This was the very reason the nephew of the Roman Emperor Constantine, Emperor Julian, 361-363, forbade Christians from teaching Greek. The pages of Homer are populated by heroes and gods speaking to each other, telling stories about the eternity of the Cosmos, courage, justice, love, and passion for their homelands.
This conversation probably unhinged Beaton who argues, as a result, the Greeks of the “imaginary” Trojan War had no national consciousness.
Bronze Age Greeks
The other major handicap of Beaton’s narrative is that it denies that the Bronze Age Greeks of Crete were Greek. We know those Greeks as Minoans because of Minos, a king in the second millennium BCE who was a son of Zeus. Beaton says the name Minos is not Greek.
He fails to see the same culture that united the Greeks of Crete to the mainland Greeks known then in the Bronze Age as Myceneans from the name Mycenae of their capital polis. Minoans and Myceneans spoke Greek, worshipped the same gods, painted murals of nature: rivers, wild animals, and trees; beautiful women with golden earrings, wearing exquisite woven and colorful clothes; naked boys boxing or holding fish. The Minoans and Myceneans had paved streets and lived in two and three story homes with running water and toilets.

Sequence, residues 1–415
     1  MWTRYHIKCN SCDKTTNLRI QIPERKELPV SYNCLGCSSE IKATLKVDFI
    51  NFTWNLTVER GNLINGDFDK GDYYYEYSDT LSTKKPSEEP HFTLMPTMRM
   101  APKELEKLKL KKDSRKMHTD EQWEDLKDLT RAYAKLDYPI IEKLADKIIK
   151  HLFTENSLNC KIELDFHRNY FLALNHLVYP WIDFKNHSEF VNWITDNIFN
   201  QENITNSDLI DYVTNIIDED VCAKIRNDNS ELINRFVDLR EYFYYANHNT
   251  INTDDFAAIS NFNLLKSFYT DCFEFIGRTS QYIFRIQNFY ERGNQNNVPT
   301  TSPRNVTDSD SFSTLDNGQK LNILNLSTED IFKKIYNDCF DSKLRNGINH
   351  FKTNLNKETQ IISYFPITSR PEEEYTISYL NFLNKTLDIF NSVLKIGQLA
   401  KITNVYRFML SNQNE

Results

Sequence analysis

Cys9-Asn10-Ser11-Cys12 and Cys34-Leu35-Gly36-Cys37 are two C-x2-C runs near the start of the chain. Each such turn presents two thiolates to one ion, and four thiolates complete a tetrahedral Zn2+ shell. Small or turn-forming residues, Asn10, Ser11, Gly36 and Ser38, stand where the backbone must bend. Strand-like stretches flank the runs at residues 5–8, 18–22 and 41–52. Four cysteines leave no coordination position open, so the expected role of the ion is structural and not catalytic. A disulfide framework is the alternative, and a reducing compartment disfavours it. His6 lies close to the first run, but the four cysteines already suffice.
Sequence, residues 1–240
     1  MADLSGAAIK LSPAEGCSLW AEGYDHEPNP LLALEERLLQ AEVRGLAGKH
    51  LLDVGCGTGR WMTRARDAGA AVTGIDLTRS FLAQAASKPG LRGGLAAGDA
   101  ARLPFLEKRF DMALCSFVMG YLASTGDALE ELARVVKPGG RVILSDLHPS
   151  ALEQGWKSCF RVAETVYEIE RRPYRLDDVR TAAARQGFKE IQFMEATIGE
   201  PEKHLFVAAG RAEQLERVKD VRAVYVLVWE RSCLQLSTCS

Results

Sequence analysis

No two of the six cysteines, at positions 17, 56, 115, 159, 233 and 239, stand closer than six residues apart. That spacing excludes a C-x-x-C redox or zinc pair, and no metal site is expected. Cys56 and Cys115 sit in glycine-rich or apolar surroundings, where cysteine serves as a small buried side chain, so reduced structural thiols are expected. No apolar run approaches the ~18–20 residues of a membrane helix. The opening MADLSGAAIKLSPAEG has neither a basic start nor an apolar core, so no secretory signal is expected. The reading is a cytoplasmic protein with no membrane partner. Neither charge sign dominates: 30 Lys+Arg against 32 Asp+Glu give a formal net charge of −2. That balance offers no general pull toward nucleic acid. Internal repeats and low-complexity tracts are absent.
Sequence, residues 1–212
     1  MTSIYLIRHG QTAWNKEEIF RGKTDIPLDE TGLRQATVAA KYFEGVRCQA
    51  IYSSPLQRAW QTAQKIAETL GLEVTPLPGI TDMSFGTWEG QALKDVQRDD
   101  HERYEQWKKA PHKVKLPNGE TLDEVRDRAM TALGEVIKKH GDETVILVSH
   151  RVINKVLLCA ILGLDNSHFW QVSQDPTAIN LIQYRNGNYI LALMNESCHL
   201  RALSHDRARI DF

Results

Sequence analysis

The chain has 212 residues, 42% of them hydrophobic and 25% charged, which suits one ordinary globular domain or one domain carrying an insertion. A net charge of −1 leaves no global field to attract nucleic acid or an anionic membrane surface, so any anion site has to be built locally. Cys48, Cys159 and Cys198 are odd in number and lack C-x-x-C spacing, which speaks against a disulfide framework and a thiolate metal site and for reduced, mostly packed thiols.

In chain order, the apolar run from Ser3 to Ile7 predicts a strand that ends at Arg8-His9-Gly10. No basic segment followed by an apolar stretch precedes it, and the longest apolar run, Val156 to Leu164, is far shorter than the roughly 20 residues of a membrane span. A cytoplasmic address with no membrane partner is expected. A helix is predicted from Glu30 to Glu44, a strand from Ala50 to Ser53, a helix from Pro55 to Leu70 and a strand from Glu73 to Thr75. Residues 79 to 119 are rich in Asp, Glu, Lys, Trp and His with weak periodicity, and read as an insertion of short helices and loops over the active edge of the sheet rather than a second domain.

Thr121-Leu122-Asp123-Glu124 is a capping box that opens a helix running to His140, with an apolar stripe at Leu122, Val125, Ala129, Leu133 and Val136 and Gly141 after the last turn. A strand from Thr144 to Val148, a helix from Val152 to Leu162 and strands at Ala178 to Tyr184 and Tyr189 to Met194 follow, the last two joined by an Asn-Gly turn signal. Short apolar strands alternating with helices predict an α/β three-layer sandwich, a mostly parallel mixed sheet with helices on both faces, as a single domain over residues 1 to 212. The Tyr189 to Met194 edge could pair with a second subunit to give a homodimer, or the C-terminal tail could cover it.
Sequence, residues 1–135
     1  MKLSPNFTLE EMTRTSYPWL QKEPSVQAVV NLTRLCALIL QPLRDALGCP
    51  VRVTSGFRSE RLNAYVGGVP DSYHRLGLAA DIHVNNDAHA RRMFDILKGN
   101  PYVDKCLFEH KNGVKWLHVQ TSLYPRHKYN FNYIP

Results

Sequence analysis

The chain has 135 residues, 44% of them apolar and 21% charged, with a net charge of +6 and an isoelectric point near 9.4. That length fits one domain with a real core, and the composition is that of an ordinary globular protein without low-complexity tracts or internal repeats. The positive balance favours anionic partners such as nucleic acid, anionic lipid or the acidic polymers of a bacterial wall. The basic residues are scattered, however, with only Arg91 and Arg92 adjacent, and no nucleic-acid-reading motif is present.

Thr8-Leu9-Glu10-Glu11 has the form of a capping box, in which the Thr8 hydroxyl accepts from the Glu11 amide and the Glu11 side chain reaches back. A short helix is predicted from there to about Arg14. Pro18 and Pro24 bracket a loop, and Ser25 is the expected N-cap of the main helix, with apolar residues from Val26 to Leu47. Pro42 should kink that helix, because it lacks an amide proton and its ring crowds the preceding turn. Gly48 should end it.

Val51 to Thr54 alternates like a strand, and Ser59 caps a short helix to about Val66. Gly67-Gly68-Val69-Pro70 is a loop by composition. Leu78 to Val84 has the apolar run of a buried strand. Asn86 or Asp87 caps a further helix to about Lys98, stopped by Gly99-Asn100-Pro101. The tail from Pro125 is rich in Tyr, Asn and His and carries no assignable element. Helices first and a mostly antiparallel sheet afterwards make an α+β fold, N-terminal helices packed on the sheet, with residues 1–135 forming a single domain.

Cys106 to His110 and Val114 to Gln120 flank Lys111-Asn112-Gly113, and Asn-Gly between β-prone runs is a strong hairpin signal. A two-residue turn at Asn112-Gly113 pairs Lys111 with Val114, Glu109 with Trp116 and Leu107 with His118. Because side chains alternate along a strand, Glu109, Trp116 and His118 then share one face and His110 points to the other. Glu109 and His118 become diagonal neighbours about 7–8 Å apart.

I saw surviving fragments of this sophisticated Greek Bronze Age culture in Akrotiri, Thera, a Greek island in the Aegean that blew up in the 1650s BCE. Surviving stones are still black from the massive explosion of the Thera volcano.
Beaton talks of four centuries of dark ages following the decline of the Mycenean age, starting sometimes in the twelfth or thirteenth century BCE. But this was the age of the Trojan War and Homer. Dark ages don’t give rise to genius, in this case, Homer. And Homer was the apotheosis of Bronze Age Greek culture, which had nothing to do with dark ages.
Astronomers date the solar eclipse Homer describes in the Odyssey (XX, 356-357). That partial solar eclipse took place over the Ionian islands, including Ithaca, on October 30, 1207 BCE. This was the time Odysseus finally arrived home to Ithaca after ten years of wondering. So, the Trojan War took place during late thirteenth century BCE, probably starting in 1227 and ending in 1217 BCE.
Beaton, however, says there was no Trojan War: no Helen, no Paris-Alexander, no Achilles, no Patroklos, no Hector, no Odysseus.
Arguing against Homer and the Trojan War in a Greek history book is undermining the book and misinforming the readers. And that’s a pity because, as I said, parts of the book are well-written and informative.